by Guilherme José da Silva Sá and Rafael Antunes Almeida
Translated by Claudia Pires Reviewed by Matheus Lucas Hebling
Originally published in Portuguese May 12, 2020 link
There is never a good time to be stuck with a denialist but perhaps there is no worse time than at the emergence of a pandemic caused by an agent with high infection power. Or maybe we have only made the transition from epidemic to pandemic because of the obstinacy of the deniers.
In any case, terror and fear of infection by the virus are installed and, together with them, as Robert K. Merton rightly put it, “[l]ocal contagions of anti-intellectualism threaten to become epidemic” (1968, p.652). Maybe, they have already become as Slavoj Žižek states in his recent essay .
In the field of attempts to answer questions about the virus and other relevant issues of our time, such as climate change, at least two sectors distinguish themselves in a broader palette of positions: a smaller portion of the Brazilian population questions the value of knowledge and scientific production. Although not always manifestly, this sector does this by insinuating a possible politicization of science and universities, or by attacking their demands regarding experimental and safety protocols relating to the use of medicines. The way that denial is usually formulated is through direct experience: from treatment to disease, from homemade experiments to the proof that the Earth is not round, stories about a child’s behavior change after vaccination; in essence, due to testimony. This sector of the population encourages these discourses, however, at the same time, is not really willing to classify itself as anti-scientific.
On the other hand, the other sector has an almost messianic feeling towards scientists.
Galileo’s Law of Falling Bodies, which was later followed by Newton, and recently reproduced in a beautiful experiment , gives us a good image for the argument we intend to develop: imagine a plume and a watermelon in a vacuum enclosure; imagine them in free fall from the same height; they reach the ground at the same time thanks to the identical action of gravity on both bodies (duly isolated from the variable friction/resistance to air). However, they have different consequences: while the plume lands intact, the watermelon will probably crumble to the ground. The comparison is picturesque but helps us to think that in times of qualified social criticism gap and in times of smuggling of critical resources, which are more customary in the social sciences, to people who are flat-earthers, anti-vaccination groups, and chloroquine’s magical powers advocates (see Latour (2004) and Fassin (2017)), both the most bizarre denialist hypotheses and the most valuable scientific practice tend to be “socially leveling”.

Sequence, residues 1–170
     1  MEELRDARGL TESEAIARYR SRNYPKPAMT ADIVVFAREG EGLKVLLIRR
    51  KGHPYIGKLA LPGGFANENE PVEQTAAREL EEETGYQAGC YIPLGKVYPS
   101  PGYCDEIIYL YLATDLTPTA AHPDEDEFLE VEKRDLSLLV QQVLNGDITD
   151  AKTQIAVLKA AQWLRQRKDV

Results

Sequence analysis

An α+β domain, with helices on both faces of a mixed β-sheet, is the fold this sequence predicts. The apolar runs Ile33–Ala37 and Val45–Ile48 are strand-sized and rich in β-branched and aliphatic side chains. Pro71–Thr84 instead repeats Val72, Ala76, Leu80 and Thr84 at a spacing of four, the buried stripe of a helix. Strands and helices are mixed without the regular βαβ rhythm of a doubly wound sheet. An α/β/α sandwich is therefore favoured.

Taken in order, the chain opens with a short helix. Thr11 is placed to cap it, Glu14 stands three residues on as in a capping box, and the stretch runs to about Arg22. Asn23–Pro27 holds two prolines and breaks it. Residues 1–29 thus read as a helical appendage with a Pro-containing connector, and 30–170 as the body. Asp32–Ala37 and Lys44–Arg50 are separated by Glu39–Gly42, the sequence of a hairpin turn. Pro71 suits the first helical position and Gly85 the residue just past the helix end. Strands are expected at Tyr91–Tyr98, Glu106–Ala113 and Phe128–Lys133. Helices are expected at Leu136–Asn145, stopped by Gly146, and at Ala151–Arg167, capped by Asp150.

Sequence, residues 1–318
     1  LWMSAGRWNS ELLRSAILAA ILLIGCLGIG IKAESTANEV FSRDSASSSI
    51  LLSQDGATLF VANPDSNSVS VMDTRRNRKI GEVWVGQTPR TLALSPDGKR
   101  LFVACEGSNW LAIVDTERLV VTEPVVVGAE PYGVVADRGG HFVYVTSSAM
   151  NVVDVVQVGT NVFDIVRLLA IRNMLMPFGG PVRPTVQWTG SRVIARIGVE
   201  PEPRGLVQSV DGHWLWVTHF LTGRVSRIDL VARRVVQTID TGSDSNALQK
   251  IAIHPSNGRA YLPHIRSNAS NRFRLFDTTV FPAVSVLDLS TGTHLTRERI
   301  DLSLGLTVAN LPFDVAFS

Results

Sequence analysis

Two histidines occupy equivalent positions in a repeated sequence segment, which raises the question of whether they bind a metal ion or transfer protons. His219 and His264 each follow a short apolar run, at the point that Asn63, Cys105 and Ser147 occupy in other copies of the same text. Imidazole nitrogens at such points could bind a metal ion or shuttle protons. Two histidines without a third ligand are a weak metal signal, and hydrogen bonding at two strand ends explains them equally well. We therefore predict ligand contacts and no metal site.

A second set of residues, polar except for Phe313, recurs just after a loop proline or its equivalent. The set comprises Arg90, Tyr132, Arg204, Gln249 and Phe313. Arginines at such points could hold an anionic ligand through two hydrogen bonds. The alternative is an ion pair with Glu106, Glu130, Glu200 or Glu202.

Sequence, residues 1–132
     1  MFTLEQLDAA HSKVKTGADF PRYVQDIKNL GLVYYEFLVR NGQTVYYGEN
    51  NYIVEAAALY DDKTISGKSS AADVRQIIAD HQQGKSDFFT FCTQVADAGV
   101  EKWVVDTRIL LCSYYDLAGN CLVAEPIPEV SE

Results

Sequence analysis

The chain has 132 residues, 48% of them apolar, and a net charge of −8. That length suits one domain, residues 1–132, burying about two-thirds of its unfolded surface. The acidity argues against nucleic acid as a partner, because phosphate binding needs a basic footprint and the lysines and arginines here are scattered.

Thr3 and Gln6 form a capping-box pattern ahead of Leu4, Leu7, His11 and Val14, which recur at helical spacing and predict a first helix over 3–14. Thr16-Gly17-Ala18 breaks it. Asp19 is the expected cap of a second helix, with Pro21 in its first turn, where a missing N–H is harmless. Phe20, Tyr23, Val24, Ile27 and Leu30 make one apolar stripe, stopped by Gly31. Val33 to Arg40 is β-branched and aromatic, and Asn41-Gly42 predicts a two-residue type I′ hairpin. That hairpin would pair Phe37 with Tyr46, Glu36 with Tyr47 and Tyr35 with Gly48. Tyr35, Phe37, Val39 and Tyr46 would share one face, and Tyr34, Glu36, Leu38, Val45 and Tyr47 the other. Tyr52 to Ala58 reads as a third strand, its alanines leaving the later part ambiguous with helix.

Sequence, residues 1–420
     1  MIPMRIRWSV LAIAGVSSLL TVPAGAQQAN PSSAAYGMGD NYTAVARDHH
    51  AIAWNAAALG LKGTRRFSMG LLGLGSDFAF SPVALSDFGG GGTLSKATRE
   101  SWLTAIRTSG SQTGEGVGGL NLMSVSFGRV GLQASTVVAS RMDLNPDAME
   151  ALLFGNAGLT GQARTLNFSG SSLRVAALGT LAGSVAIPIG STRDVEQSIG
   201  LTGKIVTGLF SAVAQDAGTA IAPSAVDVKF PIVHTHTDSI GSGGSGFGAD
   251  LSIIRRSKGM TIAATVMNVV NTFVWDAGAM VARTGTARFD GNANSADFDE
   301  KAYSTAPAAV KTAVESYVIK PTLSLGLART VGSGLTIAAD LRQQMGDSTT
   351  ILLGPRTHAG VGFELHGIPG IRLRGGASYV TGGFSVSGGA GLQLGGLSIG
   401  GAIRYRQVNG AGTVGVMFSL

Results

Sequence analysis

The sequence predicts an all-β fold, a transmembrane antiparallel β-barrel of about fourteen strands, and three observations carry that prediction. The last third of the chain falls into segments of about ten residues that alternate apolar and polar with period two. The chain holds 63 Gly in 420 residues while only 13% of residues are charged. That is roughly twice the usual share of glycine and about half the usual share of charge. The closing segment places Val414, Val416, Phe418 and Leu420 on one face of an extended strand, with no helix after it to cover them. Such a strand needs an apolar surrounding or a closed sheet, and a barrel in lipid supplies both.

However, the consequences of this leveling tended to be much more disastrous for science; and, consequently for all of us. We suspect that the dreaded vacuum – which today is filled by politicians, state advisors, ministers, and followers – is associated with the gap left by the abandonment of a fundamental element for scientific epistemology, namely, the “science’s artefactual”.
Thus, the link that allows the connection between scientific practices and life in society must be continually renewed. Without that link, the scientist’s work is emptied of plausibility and the public perception of science will be fatally compromised. According to Latour: “the facts remain robust only if they are maintained by a common culture, by institutions we can trust, by a more or less decent public life and by a more or less reliable media” (Latour, 2019, p.40-41). The claim here, therefore, is not for a blind and naive trust in scientists, but for a certain self-awareness, that science is one of the collective enterprises with a greater capacity to create other ways of inhabiting the Earth. Logically this same science will be transformed, like Edward Snowden, former NSA employee, and the Italian philosopher, Giorgio Agamben, have already indicated – in particular those areas linked to data mining and digital surveillance, which different governments have resorted to tracking the trajectories of possibly infected bodies.